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Re: An Apology for Puncish

by Erez (Priest)
on Jan 28, 2009 at 08:58 UTC ( #739458=note: print w/replies, xml ) Need Help??

in reply to An Apology for Puncish

The concept of the default variables is not without its linguistic roots.
Consider this sentence "Jack stood when Jill entered," and "he did it because she was tired".
This makes perfect sense, to anyone with fair reading skills. If you just started on reading, and are not familiar with the idea of context; or, if your overall reading comprehension skills aren't that good, you might need to explicitly read it as "Jack stood up when Jill entered, Jack stood up because Jill looked tired when she entered."

Now, if the second part of the sentence appeared 3 or 4 paragraphs later, there would be a need to use the explicit version of it, rather than the pronouns one.
In this sense, if the nature of the special variable is important to the understanding of the code, use English is a good practice. In the same way that naming your iteration variable is, at times, a good practice. Otherwise, feel free to be punc'd.

"A core tenant of the greater Perl philosophy is to trust that the developer knows enough to solve the problem" - Jay Shirley, A case for Catalyst.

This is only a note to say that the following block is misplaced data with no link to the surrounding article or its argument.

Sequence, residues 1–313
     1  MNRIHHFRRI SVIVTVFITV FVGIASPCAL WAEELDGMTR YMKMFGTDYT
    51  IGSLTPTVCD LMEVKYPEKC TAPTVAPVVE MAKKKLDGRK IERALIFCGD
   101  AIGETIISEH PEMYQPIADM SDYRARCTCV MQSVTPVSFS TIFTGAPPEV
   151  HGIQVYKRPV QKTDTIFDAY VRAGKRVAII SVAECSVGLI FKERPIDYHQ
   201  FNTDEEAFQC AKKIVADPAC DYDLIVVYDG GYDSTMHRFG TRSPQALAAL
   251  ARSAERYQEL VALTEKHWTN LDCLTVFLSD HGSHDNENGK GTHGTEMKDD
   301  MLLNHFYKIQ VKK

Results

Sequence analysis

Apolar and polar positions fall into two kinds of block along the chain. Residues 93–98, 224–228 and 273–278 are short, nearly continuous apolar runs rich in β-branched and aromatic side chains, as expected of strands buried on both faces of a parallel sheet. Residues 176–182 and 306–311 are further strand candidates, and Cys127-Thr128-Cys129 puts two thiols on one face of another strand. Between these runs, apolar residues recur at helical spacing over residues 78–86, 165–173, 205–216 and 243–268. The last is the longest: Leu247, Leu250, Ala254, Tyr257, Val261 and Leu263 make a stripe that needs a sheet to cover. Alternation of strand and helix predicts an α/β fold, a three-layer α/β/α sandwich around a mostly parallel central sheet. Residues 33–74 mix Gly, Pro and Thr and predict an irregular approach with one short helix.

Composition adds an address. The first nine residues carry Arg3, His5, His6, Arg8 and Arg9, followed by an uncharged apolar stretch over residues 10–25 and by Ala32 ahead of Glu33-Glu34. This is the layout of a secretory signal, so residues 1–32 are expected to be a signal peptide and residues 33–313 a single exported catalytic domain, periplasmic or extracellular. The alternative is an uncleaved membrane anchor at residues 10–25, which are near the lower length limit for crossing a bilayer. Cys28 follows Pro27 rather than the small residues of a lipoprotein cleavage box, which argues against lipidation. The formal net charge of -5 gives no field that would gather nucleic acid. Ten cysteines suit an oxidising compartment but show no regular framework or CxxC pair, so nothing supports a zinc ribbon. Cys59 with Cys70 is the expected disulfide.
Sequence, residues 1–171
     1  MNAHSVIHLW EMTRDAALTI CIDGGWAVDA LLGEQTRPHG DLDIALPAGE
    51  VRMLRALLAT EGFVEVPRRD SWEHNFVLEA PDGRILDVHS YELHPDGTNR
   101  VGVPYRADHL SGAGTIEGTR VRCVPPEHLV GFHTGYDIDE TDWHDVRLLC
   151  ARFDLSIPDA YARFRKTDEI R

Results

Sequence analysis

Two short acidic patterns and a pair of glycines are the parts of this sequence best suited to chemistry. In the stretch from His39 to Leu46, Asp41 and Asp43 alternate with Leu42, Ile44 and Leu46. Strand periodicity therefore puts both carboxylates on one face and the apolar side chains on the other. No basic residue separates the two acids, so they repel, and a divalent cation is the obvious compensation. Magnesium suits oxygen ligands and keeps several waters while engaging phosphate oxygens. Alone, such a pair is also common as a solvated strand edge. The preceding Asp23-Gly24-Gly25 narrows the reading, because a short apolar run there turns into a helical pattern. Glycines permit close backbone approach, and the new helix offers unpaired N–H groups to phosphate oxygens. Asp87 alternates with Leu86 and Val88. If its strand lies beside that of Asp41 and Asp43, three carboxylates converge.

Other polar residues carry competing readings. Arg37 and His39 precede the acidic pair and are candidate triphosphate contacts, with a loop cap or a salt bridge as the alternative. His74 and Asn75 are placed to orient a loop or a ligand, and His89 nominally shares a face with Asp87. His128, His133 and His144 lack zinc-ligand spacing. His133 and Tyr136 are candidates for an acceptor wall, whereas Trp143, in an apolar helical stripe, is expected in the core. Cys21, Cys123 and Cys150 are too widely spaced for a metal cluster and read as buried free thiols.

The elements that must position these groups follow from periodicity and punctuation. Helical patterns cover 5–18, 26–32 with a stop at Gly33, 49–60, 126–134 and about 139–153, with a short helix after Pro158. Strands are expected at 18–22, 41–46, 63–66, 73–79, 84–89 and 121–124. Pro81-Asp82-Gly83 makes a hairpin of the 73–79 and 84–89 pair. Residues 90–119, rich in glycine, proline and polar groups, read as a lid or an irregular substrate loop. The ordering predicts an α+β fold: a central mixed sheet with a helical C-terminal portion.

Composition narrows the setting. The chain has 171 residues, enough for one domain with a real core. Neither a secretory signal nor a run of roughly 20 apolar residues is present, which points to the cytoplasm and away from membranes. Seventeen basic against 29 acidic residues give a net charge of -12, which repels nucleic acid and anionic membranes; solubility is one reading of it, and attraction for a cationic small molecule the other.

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Re^2: An Apology for Puncish
by rir (Vicar) on Jan 28, 2009 at 15:08 UTC
    Erez, I guess I agree with the first part of your post regarding "default variables" having a correlation to or derivation from pronouns. That is the standard wisdom and I have accepted it without much thought; the etymology of $_ has never seemed important enough to question. I would say that is just a fact that I collected. Whether it really is a fact, I don't know.

    The point I was making had nothing to do with default variables or pronoun-like tokens needing nearby antecedents. Nearby antecedents in language correlate to not acting at a distance in programming; these seem very different somehow.

    $_ is the accumulator of Perl; an ordinary pronoun needs an antecedent while $_ more often needs local-ization to break it away from its prior value. Between the two, the confusion we might get feels very similiar, but the mentation we should apply is inverted in some way.

    Be well

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